The costs and benefits of front-loading and predictability of immunization


Abstract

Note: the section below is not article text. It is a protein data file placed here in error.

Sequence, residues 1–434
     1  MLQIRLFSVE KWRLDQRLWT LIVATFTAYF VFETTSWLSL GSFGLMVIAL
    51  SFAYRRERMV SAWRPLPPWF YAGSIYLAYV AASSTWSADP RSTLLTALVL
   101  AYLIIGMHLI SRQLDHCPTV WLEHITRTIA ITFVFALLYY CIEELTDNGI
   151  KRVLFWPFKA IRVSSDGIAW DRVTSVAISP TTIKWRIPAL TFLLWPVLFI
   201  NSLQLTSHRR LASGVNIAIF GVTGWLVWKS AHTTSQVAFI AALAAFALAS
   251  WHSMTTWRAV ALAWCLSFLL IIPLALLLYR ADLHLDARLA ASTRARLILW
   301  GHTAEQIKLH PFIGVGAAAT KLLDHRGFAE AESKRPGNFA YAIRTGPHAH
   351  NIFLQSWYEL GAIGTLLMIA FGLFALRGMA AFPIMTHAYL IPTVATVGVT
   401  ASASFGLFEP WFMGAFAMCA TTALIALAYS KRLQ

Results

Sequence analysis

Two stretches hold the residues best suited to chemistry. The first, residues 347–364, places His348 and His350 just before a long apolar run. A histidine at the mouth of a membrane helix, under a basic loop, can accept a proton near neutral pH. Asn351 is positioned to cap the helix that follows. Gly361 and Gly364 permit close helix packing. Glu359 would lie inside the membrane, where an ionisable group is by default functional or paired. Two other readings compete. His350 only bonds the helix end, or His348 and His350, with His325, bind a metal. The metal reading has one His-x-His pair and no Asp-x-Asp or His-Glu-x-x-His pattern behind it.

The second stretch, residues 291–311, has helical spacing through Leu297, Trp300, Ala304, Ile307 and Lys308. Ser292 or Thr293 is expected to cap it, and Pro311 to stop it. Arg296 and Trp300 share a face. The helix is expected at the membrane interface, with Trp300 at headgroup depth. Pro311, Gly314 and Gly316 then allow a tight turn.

How can the international community save more children's lives faster and more effectively in the 21st century? This working paper analyzes the extent to which "frontloading" and predictable vaccine funding, as proposed by the International Finance Facility for Immunization (IFFIm), is more effective in impacting vaccine coverage than spending vaccine funds equally throughout the lives of projects. The IFFIm is an initiative of the Global Alliance for Vaccines and Immunization (GAVI), and supported by the governments of the United Kingdom, France, Sweden, Italy, Spain and Norway. An initial IFFIm investment of $4 billion is expected to prevent 5 million child deaths by 2015, and more than 5 million future adult deaths. Using a stylized model, the authors quantify the positive and negative effects of having predictable vaccine funds and front-loading them. They find IFFIm's approach can increase the impact of vaccine coverage by 22%. This is because stable and long-term financing allows vaccine manufacturers and countries to plan for long periods of time, knowing that resources will be available. Frontloading helps to reduce the spread of disease and to immunize large groups of people faster.
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